Lastly, the government risks social retaliation from its people in the forms of protests, lobbying, campaigns, and perhaps even violence. There are many incidents in U. S. History where the citizens of this nation have fought for their liberties, first example of that would be the Boston Tea Party. “The Boston Tea Party of December 16, 1773, took place when a group of Massachusetts Patriots, protesting the monopoly on American tea importation recently granted by Parliament to the East India Company, seized 342 chests of tea in a midnight raid on three tea ships and threw them into the harbor”(Fonder, Eric. Boston Tea Party. ” History Channel. ” The second example would be the Civil Rights Movement. “Starting in the sass’s, African Americans came together in a series of nonviolent protests known as the Civil Rights treated as equal citizens in the United States, yet segregation still existed”(The Civil Rights Movement. ” CNN Interactive). Lastly the Million Man March movement to promote African American unity and family values. These all show and explain that En repressing certain liberties and rights, American citizens have stood up against the government demanding change. Frankly what would be most beneficial for the tizzies would be if the government stopped the Patriot Act.
Firstly, it would save taxpayers a lot of money because they are providing the financial support to pay the federal employees their salaries. Above all this is the act, which provides sweeping power to government agencies to monitor the personal habits of not only those who have been identified as suspected terrorists, but also anyone residing in the United States as well as its citizens residing abroad. This act is taking away the rights of an American citizens, if this act was abolished we would have the opportunity to gain hat “freedom” back. All of this benefit the government and its citizen.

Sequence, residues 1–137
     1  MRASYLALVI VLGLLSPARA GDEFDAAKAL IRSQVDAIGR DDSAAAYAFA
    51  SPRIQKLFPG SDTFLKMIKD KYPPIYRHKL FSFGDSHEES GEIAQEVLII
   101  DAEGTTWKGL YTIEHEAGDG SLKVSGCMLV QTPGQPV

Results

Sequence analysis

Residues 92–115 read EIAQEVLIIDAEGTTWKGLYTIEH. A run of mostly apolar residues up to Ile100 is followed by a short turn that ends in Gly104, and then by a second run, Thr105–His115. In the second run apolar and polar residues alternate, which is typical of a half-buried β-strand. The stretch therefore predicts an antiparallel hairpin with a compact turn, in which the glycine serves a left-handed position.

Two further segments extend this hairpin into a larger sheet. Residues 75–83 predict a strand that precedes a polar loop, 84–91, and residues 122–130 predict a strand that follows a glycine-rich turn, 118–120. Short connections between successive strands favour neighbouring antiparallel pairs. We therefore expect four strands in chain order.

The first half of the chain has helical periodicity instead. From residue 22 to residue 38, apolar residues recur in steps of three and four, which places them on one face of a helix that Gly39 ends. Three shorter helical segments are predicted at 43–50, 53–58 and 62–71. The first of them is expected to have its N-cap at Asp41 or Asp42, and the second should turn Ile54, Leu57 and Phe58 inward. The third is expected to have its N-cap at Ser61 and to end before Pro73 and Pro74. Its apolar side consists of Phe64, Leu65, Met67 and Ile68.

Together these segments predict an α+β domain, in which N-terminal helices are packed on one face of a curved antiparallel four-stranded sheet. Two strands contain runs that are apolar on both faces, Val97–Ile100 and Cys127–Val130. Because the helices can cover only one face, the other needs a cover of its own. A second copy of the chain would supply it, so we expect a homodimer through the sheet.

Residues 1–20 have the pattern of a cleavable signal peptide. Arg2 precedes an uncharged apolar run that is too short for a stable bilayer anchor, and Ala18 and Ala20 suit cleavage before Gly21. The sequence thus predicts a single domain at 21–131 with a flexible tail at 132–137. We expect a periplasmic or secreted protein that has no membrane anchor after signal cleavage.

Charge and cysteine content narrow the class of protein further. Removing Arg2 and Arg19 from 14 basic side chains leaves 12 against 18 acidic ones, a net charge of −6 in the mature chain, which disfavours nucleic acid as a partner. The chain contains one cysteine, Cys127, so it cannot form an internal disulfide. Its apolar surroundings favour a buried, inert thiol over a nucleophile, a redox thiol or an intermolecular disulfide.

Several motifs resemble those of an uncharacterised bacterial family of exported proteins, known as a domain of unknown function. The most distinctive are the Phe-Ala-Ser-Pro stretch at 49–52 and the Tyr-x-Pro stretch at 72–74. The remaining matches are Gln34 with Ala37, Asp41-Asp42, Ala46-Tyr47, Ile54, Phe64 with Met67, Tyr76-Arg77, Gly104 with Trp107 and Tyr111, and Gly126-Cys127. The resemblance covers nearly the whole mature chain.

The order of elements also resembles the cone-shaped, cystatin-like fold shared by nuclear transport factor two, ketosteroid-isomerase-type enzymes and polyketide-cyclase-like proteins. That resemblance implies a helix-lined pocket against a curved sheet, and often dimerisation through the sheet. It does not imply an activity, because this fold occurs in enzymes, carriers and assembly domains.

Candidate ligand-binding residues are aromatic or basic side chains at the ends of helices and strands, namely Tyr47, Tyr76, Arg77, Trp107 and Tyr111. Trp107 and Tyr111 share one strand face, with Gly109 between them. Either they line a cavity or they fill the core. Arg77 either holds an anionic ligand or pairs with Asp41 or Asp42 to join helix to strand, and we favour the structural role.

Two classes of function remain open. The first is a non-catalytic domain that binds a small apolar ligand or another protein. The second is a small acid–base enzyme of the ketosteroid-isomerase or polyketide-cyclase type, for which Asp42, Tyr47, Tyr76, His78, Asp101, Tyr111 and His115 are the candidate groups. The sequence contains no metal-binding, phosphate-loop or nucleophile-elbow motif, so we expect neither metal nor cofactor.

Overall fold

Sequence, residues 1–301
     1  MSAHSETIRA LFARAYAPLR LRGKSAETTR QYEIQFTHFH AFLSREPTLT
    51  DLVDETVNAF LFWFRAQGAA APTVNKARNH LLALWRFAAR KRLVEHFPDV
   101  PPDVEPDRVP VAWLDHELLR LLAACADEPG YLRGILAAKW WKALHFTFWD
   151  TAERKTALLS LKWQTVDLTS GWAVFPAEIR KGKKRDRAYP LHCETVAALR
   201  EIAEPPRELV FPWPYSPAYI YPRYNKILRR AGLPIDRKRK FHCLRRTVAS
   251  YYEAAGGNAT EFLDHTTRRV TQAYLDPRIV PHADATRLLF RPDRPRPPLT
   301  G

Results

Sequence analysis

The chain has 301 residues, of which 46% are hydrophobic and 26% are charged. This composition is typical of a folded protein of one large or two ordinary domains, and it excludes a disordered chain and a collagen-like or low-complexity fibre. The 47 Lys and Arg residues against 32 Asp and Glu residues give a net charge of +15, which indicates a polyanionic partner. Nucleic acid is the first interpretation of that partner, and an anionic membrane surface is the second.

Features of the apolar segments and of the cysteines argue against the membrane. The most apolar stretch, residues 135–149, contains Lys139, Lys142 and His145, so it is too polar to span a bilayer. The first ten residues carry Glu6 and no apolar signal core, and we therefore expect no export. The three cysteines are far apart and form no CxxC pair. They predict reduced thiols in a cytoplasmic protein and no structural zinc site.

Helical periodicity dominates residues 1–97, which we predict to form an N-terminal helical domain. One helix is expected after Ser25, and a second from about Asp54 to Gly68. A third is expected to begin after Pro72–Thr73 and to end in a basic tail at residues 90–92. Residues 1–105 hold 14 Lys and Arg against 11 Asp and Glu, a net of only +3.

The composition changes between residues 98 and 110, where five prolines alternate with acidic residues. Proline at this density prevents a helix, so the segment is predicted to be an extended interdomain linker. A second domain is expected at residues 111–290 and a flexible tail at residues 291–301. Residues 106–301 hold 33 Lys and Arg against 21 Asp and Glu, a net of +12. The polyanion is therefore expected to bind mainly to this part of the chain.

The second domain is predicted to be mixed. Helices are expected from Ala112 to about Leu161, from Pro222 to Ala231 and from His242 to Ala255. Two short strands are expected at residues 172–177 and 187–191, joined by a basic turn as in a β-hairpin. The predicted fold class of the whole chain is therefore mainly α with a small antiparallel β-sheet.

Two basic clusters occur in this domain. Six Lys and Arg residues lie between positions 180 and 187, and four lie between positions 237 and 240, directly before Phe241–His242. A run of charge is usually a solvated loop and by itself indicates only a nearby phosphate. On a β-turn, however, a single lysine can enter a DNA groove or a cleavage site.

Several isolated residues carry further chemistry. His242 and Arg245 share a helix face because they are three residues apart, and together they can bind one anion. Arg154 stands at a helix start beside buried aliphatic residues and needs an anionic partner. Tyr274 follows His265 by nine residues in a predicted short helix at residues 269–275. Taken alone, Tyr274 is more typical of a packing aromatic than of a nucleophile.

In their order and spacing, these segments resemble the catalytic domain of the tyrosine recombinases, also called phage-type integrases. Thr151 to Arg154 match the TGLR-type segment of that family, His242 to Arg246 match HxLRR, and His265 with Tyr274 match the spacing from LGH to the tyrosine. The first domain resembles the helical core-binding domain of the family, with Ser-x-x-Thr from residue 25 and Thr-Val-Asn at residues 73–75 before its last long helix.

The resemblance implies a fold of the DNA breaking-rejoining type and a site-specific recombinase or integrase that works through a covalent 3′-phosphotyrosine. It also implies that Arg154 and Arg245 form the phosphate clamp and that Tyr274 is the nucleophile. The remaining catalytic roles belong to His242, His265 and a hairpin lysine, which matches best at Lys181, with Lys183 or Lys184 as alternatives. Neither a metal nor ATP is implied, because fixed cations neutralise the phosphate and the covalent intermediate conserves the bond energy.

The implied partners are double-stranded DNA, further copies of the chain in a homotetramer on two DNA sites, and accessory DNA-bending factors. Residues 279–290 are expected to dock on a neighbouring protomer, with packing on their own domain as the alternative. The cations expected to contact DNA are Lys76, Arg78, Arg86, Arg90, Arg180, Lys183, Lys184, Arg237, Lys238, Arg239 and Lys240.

With no sense of anger towards the government, there would be no retaliation but instead a sense of trust and peace. I think that a lot of people could argue that if “if one has nothing to hide” then one should not worry. The “if one has nothing to hide” argument is simple, because that person can reply with “l don’t need to Justify my position. You need to Justify yours, come back with a warrant. ” It is not about having anything to hide, it’s about things not being anyone else’s business. Why should anyone have to say more? The government does not need to know more about what we are doing.
As citizens, they need to know more about what information the government is collecting about them. More information should be released about the secret legal interpretations that the government is relying on to monitor civilian communications. Reese answers are necessary, because if there is nothing to hide then civilians will not want to live in a society where nothing is private. If the costs are astoundingly high while the benefits are slim to none, then such programs should not have been seriously considered in the first place, let alone implemented and defended usuriously (and misleadingly) by those in power.
For reasons stated within this paper, the government should not have the right to invade our privacy with the use of the Patriot Act. First of all the citizens will feel their rights being Jeopardized. Secondly the citizens are not content with the government using tax money to provide a means for such practices. Lastly the government risks retaliation from its people, in any form. Living in an era of increasing technology has made it much easier for a government to spy on its citizens. The government should get rid of this unconstitutional act.